Recent research from The Institute of Leadership & Management reveals distributed teams are a reality of the modern workplace, but organisations are failing to capitalise on their potential, with communication failures and poor working practices being widespread. We make recommendations to address these issues.

Remote teams are a reality of the modern workplace, but organisations are failing to capitalise on their potential with widespread poor communication and working practices among remote teams.

The study highlights a range of potential benefits, including increased business reach, improved productivity, cost and time savings, and access to a more diverse set of skills and experience. But members of distributed teams report a number of barriers including over-reliance on email, inadequate or unclear communication and a lack of shared identity and focus.

Report findings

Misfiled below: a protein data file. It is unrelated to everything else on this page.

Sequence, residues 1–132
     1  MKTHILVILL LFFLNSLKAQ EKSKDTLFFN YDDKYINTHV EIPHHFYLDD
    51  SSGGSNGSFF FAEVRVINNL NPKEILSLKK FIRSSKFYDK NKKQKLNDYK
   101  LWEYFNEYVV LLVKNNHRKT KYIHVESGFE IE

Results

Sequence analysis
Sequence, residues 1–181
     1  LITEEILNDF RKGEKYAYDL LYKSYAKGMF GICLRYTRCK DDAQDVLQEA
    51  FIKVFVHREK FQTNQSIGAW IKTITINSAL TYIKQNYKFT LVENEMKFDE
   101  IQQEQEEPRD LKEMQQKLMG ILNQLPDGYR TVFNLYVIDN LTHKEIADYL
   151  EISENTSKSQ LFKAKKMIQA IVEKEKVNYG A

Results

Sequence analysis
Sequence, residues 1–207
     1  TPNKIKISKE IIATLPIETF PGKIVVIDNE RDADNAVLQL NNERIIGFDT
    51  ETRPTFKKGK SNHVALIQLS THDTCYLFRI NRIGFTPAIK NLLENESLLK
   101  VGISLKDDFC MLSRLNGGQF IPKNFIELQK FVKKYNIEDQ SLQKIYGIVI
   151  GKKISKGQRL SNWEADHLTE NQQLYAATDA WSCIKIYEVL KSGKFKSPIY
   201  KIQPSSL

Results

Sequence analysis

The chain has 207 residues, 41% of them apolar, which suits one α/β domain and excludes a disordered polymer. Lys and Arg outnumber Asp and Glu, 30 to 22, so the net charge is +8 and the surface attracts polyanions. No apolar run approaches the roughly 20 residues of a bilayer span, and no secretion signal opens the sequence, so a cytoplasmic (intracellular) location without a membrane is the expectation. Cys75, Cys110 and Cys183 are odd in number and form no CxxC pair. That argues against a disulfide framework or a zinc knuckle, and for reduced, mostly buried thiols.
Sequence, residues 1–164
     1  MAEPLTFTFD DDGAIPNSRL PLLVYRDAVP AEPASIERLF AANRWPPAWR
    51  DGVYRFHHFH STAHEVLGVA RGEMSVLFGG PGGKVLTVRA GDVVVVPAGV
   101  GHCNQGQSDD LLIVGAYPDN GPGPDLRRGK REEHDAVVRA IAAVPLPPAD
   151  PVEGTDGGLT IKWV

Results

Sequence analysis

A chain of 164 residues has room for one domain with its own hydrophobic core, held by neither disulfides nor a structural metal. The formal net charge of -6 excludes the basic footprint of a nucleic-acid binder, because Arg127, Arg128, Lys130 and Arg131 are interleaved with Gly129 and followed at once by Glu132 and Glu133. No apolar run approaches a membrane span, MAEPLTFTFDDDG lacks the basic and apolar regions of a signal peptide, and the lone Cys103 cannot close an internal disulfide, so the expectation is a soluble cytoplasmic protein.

• 83% of distributed workers say they feel overwhelmed by email

  • 88% of distributed workers struggle with inconsistent working practices and miscommunication

  • 84% of distributed workers report improvements to their work-life balance, but a lack of team identity can cause isolation and loneliness.

  • Targeted training can help organisations to get the basics right and increase efficiency and wellbeing 


We recommend a tailored management approach that recognises the special characteristics of remote teams, including the lack of visibility and face-to-face interaction, which can make it harder to build and maintain trust. Specific suggestions include:

  • Create a clear shared plan – ensure everyone has a clear picture of team objectives, deadlines and how each member will contribute.
  • Build a team ethos – focus on creating a collaborative team culture, with regular face-to-face interaction and social time.
  • Use the right technologies – set strict guidelines on email usage and replace with chat and video tools wherever appropriate.
  • Instil a sense of balance across your team - monitor workloads, watch out for signs of stress or isolation and create an open culture where employees can raise concerns.